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NYSE acts to ditch the glitches

Trading at the Big Board runs smoothly, a day after its electronic system had considerable difficulties. Technicians make changes overnight.

March 01, 2007|Thomas S. Mulligan Times Staff Writer | Times Staff Writer

NEW YORK — Computer glitches that added to the turmoil of Tuesday's stock market plunge struck some on Wall Street as an illustration of the downside of the markets' moving increasingly to electronic trading.

At the same time, problems at the New York Stock Exchange handed a bragging issue to its arch-rival, the Nasdaq Stock Market Inc., which said its electronic systems handled Tuesday's trading without significant disruptions.

As U.S. stock markets staged a modest recovery Wednesday, officials at Dow Jones & Co. and the NYSE were still investigating the cause of computer hiccups that sowed confusion and caused trading delays Tuesday at the end of a trading session in which the Dow Jones industrial average shed 416.02 points amid very heavy volume.

At the NYSE, a spokesman said technicians made overnight changes to address computer capacity problems in hopes of preventing a repeat of Tuesday's problems. Trading went smoothly Wednesday.

Dow Jones said it had not yet pinpointed the cause of a problem that caused its computerized calculation of the Dow Jones industrial average and other indexes to lag behind the trading in the individual component stocks for about a 70-minute period Tuesday afternoon.

When Dow Jones switched to a backup system at 3 p.m. Eastern time, the calculations quickly caught up with the trading, making it appear as if the Dow had plunged nearly 200 points almost instantaneously.

Seeing the key index suddenly fall out of bed caused traders to besiege the Big Board with message traffic, overwhelming its computers and leading to trading delays that lasted beyond the 4 p.m. market close.

Computerized trading can lower transaction costs and increase speed, but in a volatile market, "you don't get the hand-holding you used to get" when orders were executed primarily by humans, Mike Driscoll, senior trader at Bear Stearns Cos., said Wednesday.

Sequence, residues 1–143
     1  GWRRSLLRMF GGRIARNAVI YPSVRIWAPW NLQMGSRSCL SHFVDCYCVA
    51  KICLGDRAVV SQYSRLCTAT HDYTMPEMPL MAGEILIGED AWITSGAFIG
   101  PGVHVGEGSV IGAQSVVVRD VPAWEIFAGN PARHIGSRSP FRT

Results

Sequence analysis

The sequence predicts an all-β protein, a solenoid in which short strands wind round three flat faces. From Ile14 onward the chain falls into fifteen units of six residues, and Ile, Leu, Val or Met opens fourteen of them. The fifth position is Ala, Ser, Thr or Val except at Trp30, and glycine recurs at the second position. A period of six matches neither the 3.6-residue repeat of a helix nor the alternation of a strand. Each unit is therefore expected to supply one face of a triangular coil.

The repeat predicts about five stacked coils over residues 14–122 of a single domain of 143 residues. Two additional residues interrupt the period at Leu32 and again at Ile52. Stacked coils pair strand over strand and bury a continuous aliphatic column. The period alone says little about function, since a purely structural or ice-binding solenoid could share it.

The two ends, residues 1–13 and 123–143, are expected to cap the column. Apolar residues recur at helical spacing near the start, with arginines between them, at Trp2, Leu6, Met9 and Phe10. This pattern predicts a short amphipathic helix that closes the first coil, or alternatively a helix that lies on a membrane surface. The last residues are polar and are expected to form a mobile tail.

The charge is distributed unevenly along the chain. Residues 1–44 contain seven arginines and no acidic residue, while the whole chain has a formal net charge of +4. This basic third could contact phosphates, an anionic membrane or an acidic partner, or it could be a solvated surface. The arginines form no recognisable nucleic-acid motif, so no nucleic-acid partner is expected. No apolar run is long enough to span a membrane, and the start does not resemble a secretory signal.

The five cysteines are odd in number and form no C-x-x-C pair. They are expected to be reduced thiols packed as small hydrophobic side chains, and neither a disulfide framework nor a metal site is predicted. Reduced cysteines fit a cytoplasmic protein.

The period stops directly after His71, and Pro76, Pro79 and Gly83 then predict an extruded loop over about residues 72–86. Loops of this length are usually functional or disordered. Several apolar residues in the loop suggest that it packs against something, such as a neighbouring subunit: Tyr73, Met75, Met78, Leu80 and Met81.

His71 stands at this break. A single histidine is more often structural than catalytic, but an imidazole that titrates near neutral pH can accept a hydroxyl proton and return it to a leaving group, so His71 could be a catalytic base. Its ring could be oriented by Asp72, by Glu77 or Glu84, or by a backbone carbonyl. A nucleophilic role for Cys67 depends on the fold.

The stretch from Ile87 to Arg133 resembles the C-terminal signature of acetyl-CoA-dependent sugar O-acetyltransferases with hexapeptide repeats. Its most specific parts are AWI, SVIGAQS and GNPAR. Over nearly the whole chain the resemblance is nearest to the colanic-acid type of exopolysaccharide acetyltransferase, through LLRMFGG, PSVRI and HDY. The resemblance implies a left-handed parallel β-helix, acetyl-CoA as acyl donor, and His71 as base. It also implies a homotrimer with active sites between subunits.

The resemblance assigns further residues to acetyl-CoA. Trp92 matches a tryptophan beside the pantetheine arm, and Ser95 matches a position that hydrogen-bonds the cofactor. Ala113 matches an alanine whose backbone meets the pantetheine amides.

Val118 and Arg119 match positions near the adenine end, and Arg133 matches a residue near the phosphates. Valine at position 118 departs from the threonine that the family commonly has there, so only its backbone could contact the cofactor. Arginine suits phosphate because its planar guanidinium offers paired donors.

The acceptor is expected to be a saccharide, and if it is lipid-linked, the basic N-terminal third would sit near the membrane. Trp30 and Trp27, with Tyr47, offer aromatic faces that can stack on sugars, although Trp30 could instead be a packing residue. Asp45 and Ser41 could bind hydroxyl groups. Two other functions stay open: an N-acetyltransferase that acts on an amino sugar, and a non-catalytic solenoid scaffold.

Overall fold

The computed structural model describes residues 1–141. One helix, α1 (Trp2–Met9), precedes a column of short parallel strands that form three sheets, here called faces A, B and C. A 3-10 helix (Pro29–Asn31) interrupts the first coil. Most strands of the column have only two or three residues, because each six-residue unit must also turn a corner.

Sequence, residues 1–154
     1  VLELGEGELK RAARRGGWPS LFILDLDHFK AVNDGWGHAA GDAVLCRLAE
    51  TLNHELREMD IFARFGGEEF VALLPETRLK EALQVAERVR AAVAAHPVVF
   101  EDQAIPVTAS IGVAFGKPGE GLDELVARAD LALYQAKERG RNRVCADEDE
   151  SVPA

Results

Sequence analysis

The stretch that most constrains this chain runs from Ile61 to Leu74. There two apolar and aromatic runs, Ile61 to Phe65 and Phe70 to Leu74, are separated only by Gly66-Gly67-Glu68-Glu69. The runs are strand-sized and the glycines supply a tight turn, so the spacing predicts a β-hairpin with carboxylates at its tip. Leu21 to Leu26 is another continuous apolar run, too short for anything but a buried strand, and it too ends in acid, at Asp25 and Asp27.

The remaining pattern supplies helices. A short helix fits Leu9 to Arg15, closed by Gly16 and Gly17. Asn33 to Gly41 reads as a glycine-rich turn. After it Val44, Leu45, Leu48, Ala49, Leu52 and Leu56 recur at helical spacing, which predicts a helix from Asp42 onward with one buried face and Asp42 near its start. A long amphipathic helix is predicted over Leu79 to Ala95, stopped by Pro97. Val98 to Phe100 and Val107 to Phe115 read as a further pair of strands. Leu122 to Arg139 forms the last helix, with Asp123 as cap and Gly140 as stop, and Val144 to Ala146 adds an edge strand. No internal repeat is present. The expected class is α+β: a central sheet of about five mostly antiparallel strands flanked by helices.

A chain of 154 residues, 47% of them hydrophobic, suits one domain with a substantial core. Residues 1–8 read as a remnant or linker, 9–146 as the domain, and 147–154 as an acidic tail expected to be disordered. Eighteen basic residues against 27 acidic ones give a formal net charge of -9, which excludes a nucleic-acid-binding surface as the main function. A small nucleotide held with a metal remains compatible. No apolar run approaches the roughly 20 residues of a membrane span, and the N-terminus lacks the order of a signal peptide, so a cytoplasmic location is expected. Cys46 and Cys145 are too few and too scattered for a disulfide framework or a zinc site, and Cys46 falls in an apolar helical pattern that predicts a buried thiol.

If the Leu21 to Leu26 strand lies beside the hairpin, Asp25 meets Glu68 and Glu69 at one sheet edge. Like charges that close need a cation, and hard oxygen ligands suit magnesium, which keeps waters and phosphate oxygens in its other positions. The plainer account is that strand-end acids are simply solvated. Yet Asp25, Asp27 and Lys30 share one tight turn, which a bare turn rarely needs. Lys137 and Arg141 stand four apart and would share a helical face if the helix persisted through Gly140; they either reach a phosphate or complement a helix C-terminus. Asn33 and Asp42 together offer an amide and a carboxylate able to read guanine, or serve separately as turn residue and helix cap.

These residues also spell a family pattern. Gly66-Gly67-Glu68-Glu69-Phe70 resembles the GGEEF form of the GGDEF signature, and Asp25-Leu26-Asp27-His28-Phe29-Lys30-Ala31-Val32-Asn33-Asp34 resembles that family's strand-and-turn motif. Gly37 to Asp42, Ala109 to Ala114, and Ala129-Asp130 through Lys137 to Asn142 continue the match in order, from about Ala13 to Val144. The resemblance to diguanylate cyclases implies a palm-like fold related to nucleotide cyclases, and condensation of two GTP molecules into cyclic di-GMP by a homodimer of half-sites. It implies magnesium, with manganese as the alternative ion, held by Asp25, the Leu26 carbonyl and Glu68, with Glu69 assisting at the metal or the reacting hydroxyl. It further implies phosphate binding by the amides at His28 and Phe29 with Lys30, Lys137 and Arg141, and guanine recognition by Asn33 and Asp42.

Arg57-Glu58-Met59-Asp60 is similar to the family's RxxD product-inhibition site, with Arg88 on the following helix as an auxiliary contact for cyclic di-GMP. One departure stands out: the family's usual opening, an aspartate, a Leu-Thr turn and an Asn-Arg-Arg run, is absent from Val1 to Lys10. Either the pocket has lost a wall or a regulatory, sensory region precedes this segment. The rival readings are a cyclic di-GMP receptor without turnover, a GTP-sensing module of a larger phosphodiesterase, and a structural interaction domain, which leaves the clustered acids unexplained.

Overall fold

Some traders quickly blamed the NYSE's new "hybrid" trading system, in which electronics have taken over a large part of the work once done by the NYSE's specialist traders.

But Big Board Chief Executive John Thain denied that Wednesday, saying that the logjam occurred not at the point of trade execution but in the system that routes message traffic, including orders, into the exchange. "There was no problem with hybrid at all," Thain said in an interview with CNBC on Wednesday.

Thain said that in fact the strengths of the hybrid system were displayed when, facing a computer hang-up, NYSE specialists took orders by hand.

"People for the most part got done what they needed to get done," said Bear Stearns' Driscoll, although he added that it was "disconcerting that things didn't perform better."

Nasdaq Chief Executive Robert Greifeld took advantage of his rival's distress, touting the smooth performance Tuesday of his all-electronic market and telling CNBC that Nasdaq has the best technology.

David E. Humphreville, president of the NYSE Specialists Assn., agreed with Thain that the hybrid system was not at fault, but said it remains to be ironed out who is liable for any economic damages if orders delivered to the exchange did not get executed.

The glitches prompted Rep. Spencer Bachus (R-Ala.) and Rep. Deborah Pryce (R-Ohio), to write letters to Thain and Dow Jones Chief Executive Richard Zannino demanding whether the "unprecedented, intermittent system shortcomings" contributed to the market's decline Tuesday.


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